Study: DC Public School’s Teacher Evaluation System Continues to Improve Teacher Workforce
As IMPACT enters its second decade, two new studies provide evidence that IMPACT continues to support meaningful improvement in the effectiveness of DCPS teachers.
In 2009, the District of Columbia Public Schools (DCPS) began implementation of IMPACT, an innovative and controversial teacher-evaluation system. As IMPACT enters its second decade, two new studies from researchers at the University of Virginia, Brown University and Stanford University provide evidence that IMPACT continues to support meaningful improvement in the effectiveness of DCPS teachers.
These new studies build on two prior studies that examined the effects of IMPACT in its early years. A 2015 study found that IMPACT induced some less effective teachers to voluntarily leave DCPS and incentivized others to improve their teaching skills. A second, 2017, study employing data from the first years of IMPACT found that the turnover of teachers identified by IMPACT as low performing resulted in DCPS hiring more-effective teachers who substantially improved students’ academic achievement.
However, much has changed since the early years of IMPACT. DCPS has had three new chancellors. Teacher evaluation has come under increased scrutiny nationally, as research situated in other school districts has shown the logistical and political challenges of implementing and sustaining meaningful teacher evaluation. IMPACT itself has undergone substantial modifications in several of its key design elements, including a reduced emphasis on test-based measures of teacher performance. These changes raise the question whether IMPACT continues to improve teaching and learning in DCPS.
Today, a research team from the University of Virginia, Brown University, and Stanford University make public results from two new studies based on data from recent years (2013-2017). In the first study, Thomas Dee, professor at Stanford University, Jessalynn James, a post-doctoral fellow at Brown University, and Jim Wyckoff, professor at the University of Virginia, find that the incentives created by IMPACT continue to encourage some low-performing teachers to voluntarily exit and to instigate improvement among those who remain. In a second paper, James and Wyckoff find that what might first appear to be relatively high turnover among DCPS teachers is largely driven by the turnover of low-performing teachers, whose exit improves student achievement.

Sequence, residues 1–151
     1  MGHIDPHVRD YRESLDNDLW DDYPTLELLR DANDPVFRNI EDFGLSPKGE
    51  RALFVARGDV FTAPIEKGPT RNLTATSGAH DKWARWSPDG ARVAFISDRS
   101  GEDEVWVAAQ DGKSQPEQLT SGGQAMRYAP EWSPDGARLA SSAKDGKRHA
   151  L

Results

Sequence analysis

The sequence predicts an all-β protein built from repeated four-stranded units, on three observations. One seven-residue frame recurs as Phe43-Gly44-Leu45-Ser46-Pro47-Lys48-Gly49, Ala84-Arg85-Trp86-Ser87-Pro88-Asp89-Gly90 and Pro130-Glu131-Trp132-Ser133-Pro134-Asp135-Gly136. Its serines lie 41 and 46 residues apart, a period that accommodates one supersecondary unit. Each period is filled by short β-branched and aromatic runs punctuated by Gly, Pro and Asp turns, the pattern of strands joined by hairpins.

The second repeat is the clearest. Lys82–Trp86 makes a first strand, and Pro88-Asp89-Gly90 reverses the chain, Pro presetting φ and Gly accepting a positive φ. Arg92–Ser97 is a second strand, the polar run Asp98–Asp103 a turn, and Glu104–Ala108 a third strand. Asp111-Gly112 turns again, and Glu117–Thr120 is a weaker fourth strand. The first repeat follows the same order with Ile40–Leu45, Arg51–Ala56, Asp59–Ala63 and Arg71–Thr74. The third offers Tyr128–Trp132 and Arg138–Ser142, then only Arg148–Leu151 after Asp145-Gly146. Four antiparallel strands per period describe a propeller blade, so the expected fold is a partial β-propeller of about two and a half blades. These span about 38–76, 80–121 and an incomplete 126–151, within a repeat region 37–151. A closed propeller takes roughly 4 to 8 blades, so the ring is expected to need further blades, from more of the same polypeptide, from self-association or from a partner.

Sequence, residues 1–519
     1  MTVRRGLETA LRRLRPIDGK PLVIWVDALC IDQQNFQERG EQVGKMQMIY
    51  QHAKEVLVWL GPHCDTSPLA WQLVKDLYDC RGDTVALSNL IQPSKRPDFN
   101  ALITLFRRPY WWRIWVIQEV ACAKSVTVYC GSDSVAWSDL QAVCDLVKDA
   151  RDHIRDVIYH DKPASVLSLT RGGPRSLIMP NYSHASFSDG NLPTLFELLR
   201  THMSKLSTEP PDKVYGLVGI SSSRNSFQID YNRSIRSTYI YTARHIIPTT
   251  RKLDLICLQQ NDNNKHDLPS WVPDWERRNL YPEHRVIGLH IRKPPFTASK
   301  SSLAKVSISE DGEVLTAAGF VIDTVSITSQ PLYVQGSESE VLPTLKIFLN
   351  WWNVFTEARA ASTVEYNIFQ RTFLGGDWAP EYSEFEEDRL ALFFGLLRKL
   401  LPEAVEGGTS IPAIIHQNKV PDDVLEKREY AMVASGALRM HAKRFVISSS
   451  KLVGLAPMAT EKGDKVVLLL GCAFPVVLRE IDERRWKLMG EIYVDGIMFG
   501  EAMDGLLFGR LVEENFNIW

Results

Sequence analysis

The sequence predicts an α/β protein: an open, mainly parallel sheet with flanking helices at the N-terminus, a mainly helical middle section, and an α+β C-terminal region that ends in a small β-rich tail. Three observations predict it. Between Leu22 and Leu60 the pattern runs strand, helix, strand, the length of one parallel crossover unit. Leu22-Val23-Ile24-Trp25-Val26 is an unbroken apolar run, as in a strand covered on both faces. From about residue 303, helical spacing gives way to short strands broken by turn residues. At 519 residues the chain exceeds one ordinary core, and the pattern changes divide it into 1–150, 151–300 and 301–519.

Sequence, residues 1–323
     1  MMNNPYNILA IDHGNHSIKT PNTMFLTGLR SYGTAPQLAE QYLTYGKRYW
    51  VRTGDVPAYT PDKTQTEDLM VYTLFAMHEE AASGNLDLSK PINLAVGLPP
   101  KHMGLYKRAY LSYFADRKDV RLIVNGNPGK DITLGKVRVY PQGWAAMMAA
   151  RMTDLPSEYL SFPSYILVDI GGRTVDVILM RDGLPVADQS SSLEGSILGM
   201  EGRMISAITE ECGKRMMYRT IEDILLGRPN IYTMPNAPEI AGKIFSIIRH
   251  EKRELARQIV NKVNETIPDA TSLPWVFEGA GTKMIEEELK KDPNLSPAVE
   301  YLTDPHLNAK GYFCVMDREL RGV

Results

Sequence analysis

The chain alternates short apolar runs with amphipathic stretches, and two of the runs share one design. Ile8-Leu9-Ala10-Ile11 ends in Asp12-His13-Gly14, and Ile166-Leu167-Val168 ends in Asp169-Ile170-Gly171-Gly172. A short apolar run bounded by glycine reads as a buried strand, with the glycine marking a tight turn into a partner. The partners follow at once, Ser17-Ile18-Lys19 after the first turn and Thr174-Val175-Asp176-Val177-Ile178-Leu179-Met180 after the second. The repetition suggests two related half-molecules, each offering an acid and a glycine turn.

“Overall, these findings indicate that rigorous teacher evaluation can make an important difference for both teaching quality and, most importantly, for student achievement.” said James, formerly a PhD student at the University of Virginia.
In their article forthcoming in Education Finance & Policy, James, Dee, and Wyckoff found that immediate feedback accompanied by a performance-based threat of dismissal both increases the voluntary attrition of lower-performing teachers and increases the performance of lower-performing teachers who returned.
Specifically, teachers identified as Minimally Effective on the teacher evaluation scale, meaning they will be fired if they don’t improve to at least the Developing rating category, are approximately 11 percentage points less likely to return the following year compared to an otherwise similar teacher not identified as Minimally Effective, an increase in attrition of approximately 40 percent.
“Not only do we see teachers identified as Minimally Effective choose to leave DC public schools, we also find the Minimally Effective teachers who remain meaningfully improve,” Dee said.
In the second paper, James and Wyckoff examine the effect of teacher turnover on student achievement and find that, when a Highly Effective teacher leaves DCPS, teaching quality suffers and student achievement declines in reading, but not in math. They also find that turnover among teachers rated Highly Effective was relatively low during the 2013-2017 period, at 10 percent, while turnover during this period among teachers identified as Minimally Effective was 55 percent.
“We were quite uncertain what we would find. During this period, IMPACT’s effectiveness could have weakened with transitions in leadership, meaningful design modifications, implementation fatigue, competing priorities, and pressure from stakeholders,” Wyckoff said. “The large effects we identify here, however, suggest that rigorous teacher evaluation can be sustained at least over an eight-year period.”
EdPolicyWorks is a joint collaboration between the Curry School of Education and Human Development and the Frank Batten School of Leadership and Public Policy. EdPolicyWorks brings together researchers from across the University of Virginia and the State to focus on important questions of educational policy and implications for the workforce.
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